Tales of the Mid Autumn Festival

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The Mid Autumn Festival falls this year on 1 October (15th day of the 8th month in the Chinese Lunar calendar). It is traditionally believed that on this day the moon is the fullest and brightest of the year. The Mid Autumn Festival is the traditional moon worshipping festival in China and for Buddhists around the world.

There are many fascinating and romantic legends about this festival – these three are perhaps the most famous ones, as told to me when I was a kid:

1. Chang E flew to the moon

Long, long time ago there were 10 suns in the sky and people were suffering and the crops were dying. One day, an excellent archer named Hou Yi used his bow and arrows to shoot down nine of the suns and the earth was saved. The Mother of Heaven rewarded him with elixir of life for his heroic deed. Hou Yi wanted to be immortal, but preferred to stay with his wife Chang E, so he didn’t drink it.

One day, Pang Meng, one of Hou Yi’s students tried to seize the elixir when Hou Yi was not at home. In order to stop the greedy Pang Meng, Chang E drank the elixir. She soon started to float and flew to the moon. To remember his beloved wife, Hou Yi and others started to worship the moon with many offerings.

When we were young, we were told that Chang E still lives in the moon. During Mid Autumn Festival when the moon is the brightest we kids tried to find the shape of Chang E on the moon.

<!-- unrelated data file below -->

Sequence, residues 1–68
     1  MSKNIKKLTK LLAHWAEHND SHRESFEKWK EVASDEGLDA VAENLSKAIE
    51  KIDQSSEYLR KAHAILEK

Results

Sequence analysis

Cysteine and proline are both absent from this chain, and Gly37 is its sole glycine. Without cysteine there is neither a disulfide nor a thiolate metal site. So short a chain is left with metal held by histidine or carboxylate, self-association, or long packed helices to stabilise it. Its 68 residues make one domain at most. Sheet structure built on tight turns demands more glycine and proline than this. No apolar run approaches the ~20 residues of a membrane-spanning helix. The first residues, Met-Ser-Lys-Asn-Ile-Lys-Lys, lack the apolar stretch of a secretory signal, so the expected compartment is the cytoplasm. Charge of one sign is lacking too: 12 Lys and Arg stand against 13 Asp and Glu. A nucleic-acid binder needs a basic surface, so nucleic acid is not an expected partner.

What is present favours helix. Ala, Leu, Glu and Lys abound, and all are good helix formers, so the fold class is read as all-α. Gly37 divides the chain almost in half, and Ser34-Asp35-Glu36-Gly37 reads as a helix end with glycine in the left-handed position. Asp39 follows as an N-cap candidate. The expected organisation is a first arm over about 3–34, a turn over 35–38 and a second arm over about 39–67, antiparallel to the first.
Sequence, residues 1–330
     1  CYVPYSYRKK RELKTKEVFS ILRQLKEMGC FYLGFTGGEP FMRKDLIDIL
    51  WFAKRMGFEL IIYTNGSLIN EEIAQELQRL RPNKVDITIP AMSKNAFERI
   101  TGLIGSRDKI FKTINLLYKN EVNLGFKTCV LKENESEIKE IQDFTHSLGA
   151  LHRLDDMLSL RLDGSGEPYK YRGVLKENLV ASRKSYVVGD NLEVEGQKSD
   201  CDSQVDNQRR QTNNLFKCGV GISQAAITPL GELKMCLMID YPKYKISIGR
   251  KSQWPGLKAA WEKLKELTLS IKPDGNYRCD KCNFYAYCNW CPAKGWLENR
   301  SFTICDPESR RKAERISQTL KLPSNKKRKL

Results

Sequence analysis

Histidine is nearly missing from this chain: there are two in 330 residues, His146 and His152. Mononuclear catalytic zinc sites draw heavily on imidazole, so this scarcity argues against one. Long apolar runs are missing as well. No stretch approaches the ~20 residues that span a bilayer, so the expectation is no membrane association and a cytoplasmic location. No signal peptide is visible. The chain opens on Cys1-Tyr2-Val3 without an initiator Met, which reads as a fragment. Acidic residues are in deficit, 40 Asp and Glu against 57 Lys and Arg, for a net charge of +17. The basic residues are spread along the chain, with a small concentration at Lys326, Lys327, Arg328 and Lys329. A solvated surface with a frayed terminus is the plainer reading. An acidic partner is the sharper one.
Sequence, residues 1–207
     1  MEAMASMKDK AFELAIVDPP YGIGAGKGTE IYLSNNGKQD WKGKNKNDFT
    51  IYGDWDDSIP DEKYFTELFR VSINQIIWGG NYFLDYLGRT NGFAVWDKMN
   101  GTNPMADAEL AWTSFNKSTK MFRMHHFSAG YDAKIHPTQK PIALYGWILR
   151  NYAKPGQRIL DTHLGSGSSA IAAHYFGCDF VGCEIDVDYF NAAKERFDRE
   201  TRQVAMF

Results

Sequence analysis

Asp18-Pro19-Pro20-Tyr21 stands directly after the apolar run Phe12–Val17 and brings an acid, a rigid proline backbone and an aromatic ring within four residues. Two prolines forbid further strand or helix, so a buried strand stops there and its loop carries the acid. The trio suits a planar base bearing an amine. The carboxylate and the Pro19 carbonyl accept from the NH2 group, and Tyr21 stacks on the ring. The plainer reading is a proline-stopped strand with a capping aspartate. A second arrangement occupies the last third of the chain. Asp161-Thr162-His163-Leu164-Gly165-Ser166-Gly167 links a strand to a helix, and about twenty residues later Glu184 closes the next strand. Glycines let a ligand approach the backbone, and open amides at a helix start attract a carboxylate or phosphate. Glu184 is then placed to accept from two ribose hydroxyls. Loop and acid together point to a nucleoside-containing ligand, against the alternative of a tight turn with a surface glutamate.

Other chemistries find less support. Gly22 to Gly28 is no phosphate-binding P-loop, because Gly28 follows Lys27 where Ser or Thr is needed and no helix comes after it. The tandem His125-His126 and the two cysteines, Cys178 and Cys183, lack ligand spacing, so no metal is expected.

2. The legend of Wu Kang

Wu Kang was a woodcutter, who had an obsession about becoming immortal. He never tried his best and never completed his chores. The Jade Emperor got angry with his impatience and laziness, and as a punishment he planted a mile-tall cherry tree on the moon and ordered Wu Kang to chop it down. If he could do that, he could return to Earth or get a chance to become immortal.

Wu Kang thought this was an easy task and a good chance for him to become immortal but little he knew, the cherry tree grew back instantly every time he chopped it down. It is believed that the shadow in the moon is the shadow of the tall cherry tree!

3. The jade rabbit

Three fairies transformed themselves to three poor old men. The went begging for food from a fox, a rabbit and a monkey. Both the monkey and fox managed to find some food and offered to the old men, but the rabbit couldn’t find any. Feeling sorry for the old man the rabbit decided to scarify himself: he would jump into a fire and offer himself to the poor old man.

The fairies were very touched by the rabbit’s act and decided to place the rabbit in the moon to live forever. As kids we were told that the rabbit is is accompanying Chang E on the moon!

Why do we eat mooncakes?

During the Yuan Dynasty China was ruled by the Mongolians.  The Chinese leader was unhappy about submitting to foreign rules and planned to set a secret rebellion. Knowing the Mid Autumn Festival was around the corner, they decided to make some special cakes and insert a paper message “uprise on the night of 15th August” inside the cakes. The uprising turned out to be successful and since then the mooncake has been an essential treat for the Mid Autumn Festival.

Where to get your mooncakes?

Today people exchange mooncakes as gifts during the festive time. There are loads of varieties of mooncakes now: from the traditional one with lotus paste filling and salted egg yolk to chocolate, green tea, pandan, red bean and even durian filling. Which one is your favourite? If you’re keen to buy some mooncakes, have a look here at our special about buying mooncakes in KL.

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